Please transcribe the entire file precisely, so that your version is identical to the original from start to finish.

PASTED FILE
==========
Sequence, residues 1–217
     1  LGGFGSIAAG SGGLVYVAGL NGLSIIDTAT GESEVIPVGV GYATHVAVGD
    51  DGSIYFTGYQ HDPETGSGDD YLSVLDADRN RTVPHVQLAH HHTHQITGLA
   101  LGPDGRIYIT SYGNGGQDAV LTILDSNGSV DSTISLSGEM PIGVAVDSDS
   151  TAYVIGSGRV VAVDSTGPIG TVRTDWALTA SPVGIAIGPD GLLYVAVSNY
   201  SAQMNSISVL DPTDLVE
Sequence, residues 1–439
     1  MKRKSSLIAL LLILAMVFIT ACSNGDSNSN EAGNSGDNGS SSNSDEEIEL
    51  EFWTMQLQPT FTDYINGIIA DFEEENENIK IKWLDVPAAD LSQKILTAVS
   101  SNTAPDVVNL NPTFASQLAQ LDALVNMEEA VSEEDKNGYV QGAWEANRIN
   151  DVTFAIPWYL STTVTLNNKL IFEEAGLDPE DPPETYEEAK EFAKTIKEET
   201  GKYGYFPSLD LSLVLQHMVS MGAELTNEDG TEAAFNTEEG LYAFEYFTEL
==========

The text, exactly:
Sequence, residues 1–217
     1  LGGFGSIAAG SGGLVYVAGL NGLSIIDTAT GESEVIPVGV GYATHVAVGD
    51  DGSIYFTGYQ HDPETGSGDD YLSVLDADRN RTVPHVQLAH HHTHQITGLA
   101  LGPDGRIYIT SYGNGGQDAV LTILDSNGSV DSTISLSGEM PIGVAVDSDS
   151  TAYVIGSGRV VAVDSTGPIG TVRTDWALTA SPVGIAIGPD GLLYVAVSNY
   201  SAQMNSISVL DPTDLVE
Sequence, residues 1–439
     1  MKRKSSLIAL LLILAMVFIT ACSNGDSNSN EAGNSGDNGS SSNSDEEIEL
    51  EFWTMQLQPT FTDYINGIIA DFEEENENIK IKWLDVPAAD LSQKILTAVS
   101  SNTAPDVVNL NPTFASQLAQ LDALVNMEEA VSEEDKNGYV QGAWEANRIN
   151  DVTFAIPWYL STTVTLNNKL IFEEAGLDPE DPPETYEEAK EFAKTIKEET
   201  GKYGYFPSLD LSLVLQHMVS MGAELTNEDG TEAAFNTEEG LYAFEYFTEL